It should be noted, further, that DOD's inability to convince Congress to pass an amendment making clear the broad nature of the exemption is not helpful in assessing Congressional intention since HEW and its successor, the Department of Education, has, through the Office of Management and Budget, effectively blocked this legislation from being considered by Congress.
In 1979, HEW proposed to DOD that the Department of Justice resolve the conflict between the agencies, stating:
Since the Department of Health, Education, and Welfare believes that only income generated within retail sales outlets is exempt, we believe that at this time, as suggested at the meeting held by the Office of Management and Budget, this issue of statutory construction is appropriate for referral to the Department of Justice for resolution.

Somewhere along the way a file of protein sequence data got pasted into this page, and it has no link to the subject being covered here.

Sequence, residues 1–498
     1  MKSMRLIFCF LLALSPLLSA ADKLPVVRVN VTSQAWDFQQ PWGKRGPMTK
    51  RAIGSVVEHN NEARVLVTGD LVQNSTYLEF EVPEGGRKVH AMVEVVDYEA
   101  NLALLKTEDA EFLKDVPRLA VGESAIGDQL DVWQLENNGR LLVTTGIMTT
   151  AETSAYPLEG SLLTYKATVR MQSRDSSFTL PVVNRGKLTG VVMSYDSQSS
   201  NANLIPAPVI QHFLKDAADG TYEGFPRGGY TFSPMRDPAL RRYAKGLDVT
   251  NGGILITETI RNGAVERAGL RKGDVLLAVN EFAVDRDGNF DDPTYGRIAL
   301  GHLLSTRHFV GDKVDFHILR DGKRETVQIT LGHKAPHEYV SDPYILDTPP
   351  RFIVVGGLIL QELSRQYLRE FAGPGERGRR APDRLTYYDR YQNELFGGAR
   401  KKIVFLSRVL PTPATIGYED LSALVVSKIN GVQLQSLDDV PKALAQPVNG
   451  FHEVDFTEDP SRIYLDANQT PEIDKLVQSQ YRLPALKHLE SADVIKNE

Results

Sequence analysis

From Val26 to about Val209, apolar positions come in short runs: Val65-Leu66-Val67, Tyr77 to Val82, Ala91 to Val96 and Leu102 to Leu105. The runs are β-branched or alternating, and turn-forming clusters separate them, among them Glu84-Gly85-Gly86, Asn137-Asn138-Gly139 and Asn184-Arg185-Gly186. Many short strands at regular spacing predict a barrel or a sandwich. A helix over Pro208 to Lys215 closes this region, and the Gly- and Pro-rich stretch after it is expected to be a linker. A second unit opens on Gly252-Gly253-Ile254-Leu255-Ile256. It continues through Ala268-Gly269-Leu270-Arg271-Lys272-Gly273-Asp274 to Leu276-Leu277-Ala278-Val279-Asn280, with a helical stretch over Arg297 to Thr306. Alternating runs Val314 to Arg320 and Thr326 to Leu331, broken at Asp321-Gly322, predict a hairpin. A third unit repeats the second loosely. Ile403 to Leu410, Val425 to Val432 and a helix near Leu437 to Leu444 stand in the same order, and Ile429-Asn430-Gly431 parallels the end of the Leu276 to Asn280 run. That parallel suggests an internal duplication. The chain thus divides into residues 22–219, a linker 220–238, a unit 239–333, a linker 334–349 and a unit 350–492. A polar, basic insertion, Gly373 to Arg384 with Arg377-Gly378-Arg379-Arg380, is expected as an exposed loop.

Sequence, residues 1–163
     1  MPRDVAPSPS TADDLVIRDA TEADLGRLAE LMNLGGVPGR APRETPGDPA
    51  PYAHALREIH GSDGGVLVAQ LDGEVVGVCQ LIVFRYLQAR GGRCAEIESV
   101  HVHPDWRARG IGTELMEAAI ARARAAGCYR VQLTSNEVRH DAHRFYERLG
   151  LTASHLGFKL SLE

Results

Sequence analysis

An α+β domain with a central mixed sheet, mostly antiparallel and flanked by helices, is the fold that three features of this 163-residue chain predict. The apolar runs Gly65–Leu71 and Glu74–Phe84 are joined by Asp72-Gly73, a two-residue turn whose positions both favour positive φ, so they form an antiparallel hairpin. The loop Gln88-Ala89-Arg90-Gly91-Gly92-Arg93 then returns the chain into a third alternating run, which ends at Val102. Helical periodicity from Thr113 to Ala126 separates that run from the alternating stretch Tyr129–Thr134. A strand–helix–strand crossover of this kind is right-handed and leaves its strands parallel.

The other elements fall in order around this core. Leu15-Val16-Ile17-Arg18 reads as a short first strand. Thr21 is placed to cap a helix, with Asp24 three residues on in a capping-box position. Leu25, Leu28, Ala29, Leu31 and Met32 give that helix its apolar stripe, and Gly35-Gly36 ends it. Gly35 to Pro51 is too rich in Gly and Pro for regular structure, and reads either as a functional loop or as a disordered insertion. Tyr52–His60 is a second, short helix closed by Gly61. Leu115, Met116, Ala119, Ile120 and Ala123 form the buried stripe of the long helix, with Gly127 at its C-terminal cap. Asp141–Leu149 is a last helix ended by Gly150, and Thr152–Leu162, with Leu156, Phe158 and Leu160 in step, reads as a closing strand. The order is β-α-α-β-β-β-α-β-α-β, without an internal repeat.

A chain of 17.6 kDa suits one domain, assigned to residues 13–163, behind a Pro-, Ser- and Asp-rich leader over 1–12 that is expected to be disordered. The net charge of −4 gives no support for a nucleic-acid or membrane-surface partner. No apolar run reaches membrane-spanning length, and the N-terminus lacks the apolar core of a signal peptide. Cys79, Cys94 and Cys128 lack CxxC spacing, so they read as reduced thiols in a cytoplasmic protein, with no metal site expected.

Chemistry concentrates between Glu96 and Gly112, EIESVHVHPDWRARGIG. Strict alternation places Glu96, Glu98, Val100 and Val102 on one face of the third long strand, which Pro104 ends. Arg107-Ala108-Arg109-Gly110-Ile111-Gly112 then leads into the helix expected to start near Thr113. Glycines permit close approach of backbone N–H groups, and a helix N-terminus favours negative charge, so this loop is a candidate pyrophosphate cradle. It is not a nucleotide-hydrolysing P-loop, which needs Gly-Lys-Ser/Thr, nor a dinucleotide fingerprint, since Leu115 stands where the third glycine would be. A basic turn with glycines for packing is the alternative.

However, it was not until the Oklahoma litigation that the matter was referred to the Department of Justice for resolution of the conflicting HEW/DOD interpretations. Justice upheld DOD. HEW acknowledges that it is bound by Justice's ruling and no longer advances its former unpublished interpretation.22
Under these circumstances, there is no basis for deference to the interpretation by HEW. Internally, HEW has vacillated. Its published regulations have never set forth an interpretation of the statutory language. Its late-adopted private interpretation was never published or given effect. It is bound by Justice's interpretation. And, finally, in the face of Justice's interpretation, which conflicted with HEW's, HEW has found it unnecessary to revise its regulations. This is understandable since HEW's regulations have never done more than repeat the statute.
The Statutory Purpose
The Claims Court looked to the overall purpose of the legislation and concluded that an exemption for the exchanges would leave "little or no opportunity" for blind vendors on DOD installations since the majority of vending machines were operated by the exchanges. That finding is clearly erroneous in view of DOD's large contributions to state agencies for the blind.